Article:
[This piece was written by Jacqueline Swenson, MS PT, Pelvic Health Center at Albany Memorial Hospital, St. Peter’s Health Partners.]
If just the thought of sneezing, jumping or turning on the faucet has you running to the bathroom, you may be one of 13 million women and men suffering from urinary incontinence.
Involuntary loss of urine has nothing to do with aging, as many people think. It is caused by a physical problem resulting from childbirth, weakened muscles, pelvic or abdominal surgeries, hormone changes and other things you can discuss with your doctor.
Since November is bladder health awareness month, it’s an excellent time to learn about the different types of urinary incontinence:
Stress incontinence is when urine loss happens during exercise or with physical exertion. It can be triggered by something simple, like a cough, a sneeze or a laugh.
Urge incontinence is when a person has only a few seconds or minutes of warning before they feel a strong sensation to urinate. Many people do not make it to the bathroom, or leak when they have a drink, or touch or hear running water.
A person can have symptoms of both stress and urge incontinence, which is called mixed incontinence.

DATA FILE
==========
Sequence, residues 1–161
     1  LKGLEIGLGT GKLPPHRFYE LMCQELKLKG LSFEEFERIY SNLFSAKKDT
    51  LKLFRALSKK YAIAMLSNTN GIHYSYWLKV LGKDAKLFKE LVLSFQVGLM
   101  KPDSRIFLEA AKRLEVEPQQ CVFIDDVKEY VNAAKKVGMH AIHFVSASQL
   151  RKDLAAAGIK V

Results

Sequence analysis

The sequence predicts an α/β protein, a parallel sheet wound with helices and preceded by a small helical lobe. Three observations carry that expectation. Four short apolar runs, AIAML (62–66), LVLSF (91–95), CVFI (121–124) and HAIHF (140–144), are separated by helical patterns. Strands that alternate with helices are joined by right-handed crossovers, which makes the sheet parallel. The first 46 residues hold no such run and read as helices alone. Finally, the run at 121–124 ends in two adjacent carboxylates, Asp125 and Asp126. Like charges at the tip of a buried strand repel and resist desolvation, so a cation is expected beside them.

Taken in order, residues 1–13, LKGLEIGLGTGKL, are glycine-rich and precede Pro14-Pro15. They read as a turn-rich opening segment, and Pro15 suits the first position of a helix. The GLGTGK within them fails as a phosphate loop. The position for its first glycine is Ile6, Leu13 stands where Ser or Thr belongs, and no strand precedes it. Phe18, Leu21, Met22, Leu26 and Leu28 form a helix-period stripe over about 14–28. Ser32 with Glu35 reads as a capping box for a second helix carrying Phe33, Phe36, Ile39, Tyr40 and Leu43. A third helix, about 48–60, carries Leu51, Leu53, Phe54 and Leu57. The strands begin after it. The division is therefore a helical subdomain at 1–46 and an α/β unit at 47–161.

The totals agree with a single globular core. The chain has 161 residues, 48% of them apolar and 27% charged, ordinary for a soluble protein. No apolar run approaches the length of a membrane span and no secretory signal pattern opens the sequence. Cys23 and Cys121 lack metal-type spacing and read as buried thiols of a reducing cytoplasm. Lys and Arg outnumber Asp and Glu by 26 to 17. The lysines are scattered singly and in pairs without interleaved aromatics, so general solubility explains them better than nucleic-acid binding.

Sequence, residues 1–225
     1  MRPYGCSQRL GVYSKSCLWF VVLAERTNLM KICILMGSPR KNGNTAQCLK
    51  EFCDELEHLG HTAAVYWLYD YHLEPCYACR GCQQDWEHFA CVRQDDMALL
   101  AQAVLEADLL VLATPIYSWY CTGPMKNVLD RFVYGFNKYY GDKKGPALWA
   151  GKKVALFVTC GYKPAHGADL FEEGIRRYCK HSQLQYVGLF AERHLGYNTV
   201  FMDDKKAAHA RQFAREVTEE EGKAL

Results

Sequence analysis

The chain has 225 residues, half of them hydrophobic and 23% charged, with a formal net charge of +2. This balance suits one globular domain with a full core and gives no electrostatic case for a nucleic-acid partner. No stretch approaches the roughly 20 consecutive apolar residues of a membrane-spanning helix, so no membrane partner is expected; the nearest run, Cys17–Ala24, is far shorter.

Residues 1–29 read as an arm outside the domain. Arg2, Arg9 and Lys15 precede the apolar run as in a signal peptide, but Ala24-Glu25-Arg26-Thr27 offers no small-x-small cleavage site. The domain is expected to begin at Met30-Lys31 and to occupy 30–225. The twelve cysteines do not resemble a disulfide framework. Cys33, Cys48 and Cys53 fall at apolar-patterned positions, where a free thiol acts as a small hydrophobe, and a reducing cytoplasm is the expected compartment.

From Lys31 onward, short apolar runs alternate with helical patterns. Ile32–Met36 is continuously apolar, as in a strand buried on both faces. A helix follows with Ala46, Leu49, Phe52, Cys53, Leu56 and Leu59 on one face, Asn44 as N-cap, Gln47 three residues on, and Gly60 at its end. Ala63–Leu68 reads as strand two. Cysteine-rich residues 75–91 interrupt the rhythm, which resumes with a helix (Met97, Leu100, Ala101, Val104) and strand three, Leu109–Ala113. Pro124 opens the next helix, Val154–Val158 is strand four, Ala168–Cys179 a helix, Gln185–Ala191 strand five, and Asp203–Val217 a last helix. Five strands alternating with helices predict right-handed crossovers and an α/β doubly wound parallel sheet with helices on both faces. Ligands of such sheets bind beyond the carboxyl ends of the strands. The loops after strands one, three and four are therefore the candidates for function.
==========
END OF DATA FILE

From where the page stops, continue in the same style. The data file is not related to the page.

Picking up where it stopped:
Overflow incontinence is when a person cannot completely empty their bladder and always feels like their bladder is partially full.
Urinary incontinence can be embarrassing or distressing, but it doesn’t have to be. There are low-risk, effective treatment options called behavioral techniques performed by specially trained physical therapists that can improve or even resolve your leakage issues. Many patients can enjoy a better quality of life both physically and emotionally.
Treatments may include a combination of:
- Biofeedback involves the use of a painless device that records muscle activity and strength during therapeutic exercises.
- Therapeutic exercise involves a series of individualized exercises designed to strengthen pelvic floor muscles, abdominals, and other muscle groups.
- Electrotherapy uses a device to increase muscle awareness, and tone and strengthen pelvic floor muscles.
- Physiological quieting includes the use of relaxation tapes and instruction in breathing from the diaphragm.
- Bladder retraining involves education about foods and beverages that can contribute to urinary leakage and/or increased urination. Patients keep a bladder diary and receive instruction in retraining their bladder to reduce the frequency of urination.
- Education about the pelvic floor muscles, their function, and overall bladder health.
If you are experiencing incontinence problems, speak to your physician about a referral to The Pelvic Health Center at Albany Memorial Hospital. We offer comprehensive services for the diagnosis and treatment of urinary incontinence issues.
Our physical therapists are specially trained in urinary incontinence management. Our patients benefit from an individualized program that promotes rehabilitation, education and overall well-being.
For more information, please call 518-429-2566 or visit us at www.sphp.com/pelvic-health-incontinence.